Shabbos morning many people davened in the shul in the hotel. Others davened in a shul on the ground floor of a nearby apartment building. And another small group joined Aish Kodesh's friend Chaim Dovid at a small minyan at the Kosel led by an elderly Lelover chossid and mekubal, Rav Scheinberger. The chevra all got aliyos so they could say Hagomel and then went with everyone in the minyan to Rav Scheinberger's apartment in the Old City for kiddush and a drasha. One of the guys had a personal matter about which Chaim Dovid requested a bracha from Rav Scheinberger. Rather than giving a bracha, the Rav gave very specific directions regarding a specific series of actions the person was to take as a segulah to help with his issue. It was very intense. The guys by Rav Scheinberger were very eclectic ranging from chassidim to misnachalim types, to Americans and others. We sat very close to Rav Scheinberger and he was very friendly, asked us about ourselves and our Rav (he was familiar with Rav Weinberger) and wanted to make sure we ate everything we were served at the table.

Following kiddush and Rav Scheinberger's drasha, the Aish Kodesh chevra enjoyed a tour of Chaim Dovid's home and the beautiful view from his roof overlooking the Kosel and the Old City, including a number of beautiful Jewish homes in the "Muslim Quarter" which sported large, flowing Israeli flags. As he walked us out back toward our hotel, we met Motti Dan, one of the major figures at Ateret Kohanim, a group which purchases property in the "Muslim Quarter" of the Old City, Silwan, and other parts of Yerushalayim. It was fascinating to walk with him and see his home in the middle of the Arab neighborhood and other nearby Jewish buildings smack in the middle of that area, each sporting large, beautiful Israeli flags. The whole Shabbos morning was one adventure after another. Baruch Hashem!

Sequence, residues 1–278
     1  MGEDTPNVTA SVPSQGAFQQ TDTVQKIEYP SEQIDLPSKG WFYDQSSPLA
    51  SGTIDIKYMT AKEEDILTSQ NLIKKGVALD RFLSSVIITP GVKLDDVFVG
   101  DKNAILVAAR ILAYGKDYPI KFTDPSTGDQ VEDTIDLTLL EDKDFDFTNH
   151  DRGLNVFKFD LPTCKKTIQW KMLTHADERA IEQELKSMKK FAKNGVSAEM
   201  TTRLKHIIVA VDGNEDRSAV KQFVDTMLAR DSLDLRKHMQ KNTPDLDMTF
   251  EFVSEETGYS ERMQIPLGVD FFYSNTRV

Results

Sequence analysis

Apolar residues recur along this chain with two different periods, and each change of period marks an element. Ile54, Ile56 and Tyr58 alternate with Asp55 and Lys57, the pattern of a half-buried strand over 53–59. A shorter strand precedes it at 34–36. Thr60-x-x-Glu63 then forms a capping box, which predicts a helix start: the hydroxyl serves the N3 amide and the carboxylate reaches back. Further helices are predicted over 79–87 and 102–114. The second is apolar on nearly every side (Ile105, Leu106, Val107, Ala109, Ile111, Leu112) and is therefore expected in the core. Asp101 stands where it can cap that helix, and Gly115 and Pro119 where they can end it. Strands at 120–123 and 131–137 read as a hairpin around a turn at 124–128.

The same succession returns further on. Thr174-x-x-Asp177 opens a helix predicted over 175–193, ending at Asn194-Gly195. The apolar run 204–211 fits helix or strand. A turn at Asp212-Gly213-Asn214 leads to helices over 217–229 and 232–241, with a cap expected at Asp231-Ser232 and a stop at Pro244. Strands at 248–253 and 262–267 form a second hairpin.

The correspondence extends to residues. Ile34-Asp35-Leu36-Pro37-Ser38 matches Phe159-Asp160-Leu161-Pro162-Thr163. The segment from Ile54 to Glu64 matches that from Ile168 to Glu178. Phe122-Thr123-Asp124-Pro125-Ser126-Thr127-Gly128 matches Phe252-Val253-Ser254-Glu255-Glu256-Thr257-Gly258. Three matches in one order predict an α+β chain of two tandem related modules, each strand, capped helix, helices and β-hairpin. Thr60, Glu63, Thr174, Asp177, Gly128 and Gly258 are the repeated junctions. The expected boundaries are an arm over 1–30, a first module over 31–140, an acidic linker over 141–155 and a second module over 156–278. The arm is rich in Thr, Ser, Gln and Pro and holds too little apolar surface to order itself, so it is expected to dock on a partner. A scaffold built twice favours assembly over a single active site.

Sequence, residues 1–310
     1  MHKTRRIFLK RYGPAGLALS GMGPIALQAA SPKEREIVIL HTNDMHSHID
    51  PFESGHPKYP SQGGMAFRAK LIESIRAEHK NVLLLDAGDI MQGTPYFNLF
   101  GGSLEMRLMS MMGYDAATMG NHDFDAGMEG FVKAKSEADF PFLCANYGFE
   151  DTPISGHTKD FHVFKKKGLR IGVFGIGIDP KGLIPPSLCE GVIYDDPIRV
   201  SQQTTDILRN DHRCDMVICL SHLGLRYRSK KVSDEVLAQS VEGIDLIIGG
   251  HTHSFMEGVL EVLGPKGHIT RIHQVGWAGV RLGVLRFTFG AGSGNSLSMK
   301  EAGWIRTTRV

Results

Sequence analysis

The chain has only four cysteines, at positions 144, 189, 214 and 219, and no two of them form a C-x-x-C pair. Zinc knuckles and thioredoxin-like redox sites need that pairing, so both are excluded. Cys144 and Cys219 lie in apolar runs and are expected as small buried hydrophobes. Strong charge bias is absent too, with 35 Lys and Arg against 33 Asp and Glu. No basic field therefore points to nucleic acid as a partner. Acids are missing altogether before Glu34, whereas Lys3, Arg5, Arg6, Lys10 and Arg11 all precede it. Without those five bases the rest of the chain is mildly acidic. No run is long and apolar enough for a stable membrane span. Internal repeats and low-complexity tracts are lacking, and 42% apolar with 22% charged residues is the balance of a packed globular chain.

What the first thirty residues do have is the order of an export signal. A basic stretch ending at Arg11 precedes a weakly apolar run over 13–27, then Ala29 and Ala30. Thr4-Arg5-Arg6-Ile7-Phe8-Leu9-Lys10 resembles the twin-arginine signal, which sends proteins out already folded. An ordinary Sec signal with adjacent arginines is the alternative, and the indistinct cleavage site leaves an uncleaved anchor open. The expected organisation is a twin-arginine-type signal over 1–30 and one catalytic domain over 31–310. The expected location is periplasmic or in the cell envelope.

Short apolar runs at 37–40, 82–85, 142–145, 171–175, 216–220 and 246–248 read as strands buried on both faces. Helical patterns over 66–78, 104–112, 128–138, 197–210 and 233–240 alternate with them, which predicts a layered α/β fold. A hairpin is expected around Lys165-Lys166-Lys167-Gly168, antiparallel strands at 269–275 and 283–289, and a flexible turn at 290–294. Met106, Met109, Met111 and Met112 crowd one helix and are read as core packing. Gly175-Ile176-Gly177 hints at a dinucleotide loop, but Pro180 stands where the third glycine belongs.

Shabbos afternoon at shalosheudos, Rebbe spoke about many things, including the "Hungarian Wine" we had tasted during the trip and pressed us to consider how we would bring what we gained back to Woodmere to lift up the community and not allow the effect of the experience to be lost. Ephrayim Nudman, our faithful president, adjured the chevra to think about this when he spoke at one of the Shabbos seudos. So people should please continue discussing this after the trip is over!

Melaveh Malka on Netiv Areye Roof Overlooking Kosel with Shlomo Katz

We were zoche to have a Melaveh Malka led by Reb Shlomo Katz. Here are a few pictures of Rebbe with Shlomo. Some very great tzadikim and talmidei chachamim joined us as well. First, Rav Shlomo Bussu, who Rav Weinberger goes to for guidance, joined us for almost the entire Melaveh Malka, which is remarkable because he measures every single second with precision and rarely leaves his established schedule of Torah, avodah, and helping other Jews.

Rav Nosson Maimon of the Breslov Research Center was also there. In addition, Rav Yoel Rakovsky, a rebbe at Netiv Areye and mashpia to a number of the Aish Kodesh "yutes," was there. We were also happy to see Chaim Dovid there as he's a good friend of Rebbe and the shul, There were so many other great people there and old friends of the shul who came out to the Old City.

An mp3 of Rebbe's shiur from the Melaveh Malka, which was so moving and included some incredible stories, can be heard here.

Click here for a video of a portion of the Melaveh Malka which was circulated widely on Facebook and here for some pictures. And click here, here, and here for few videos taken from a nearby rooftop of our Melaveh Malka!

Here's a video of the whole Melaveh Malka:

After the Melaveh Malka was over, at about 1:30 am, Rav Weinberger walked to the Kosel with a group of people from the Melaveh Malka to say Tikkun Leah of the Tikkun Chatzos. Here is a video of a portion of that. After that, as noted above, people around the Kosel took note of the Rav wearing a shtreimel being followed by a large entourage and they posted a number of pictures, videos, and an article about Rav Weinberger's visit to the Kosel. You can see those here, here, and here.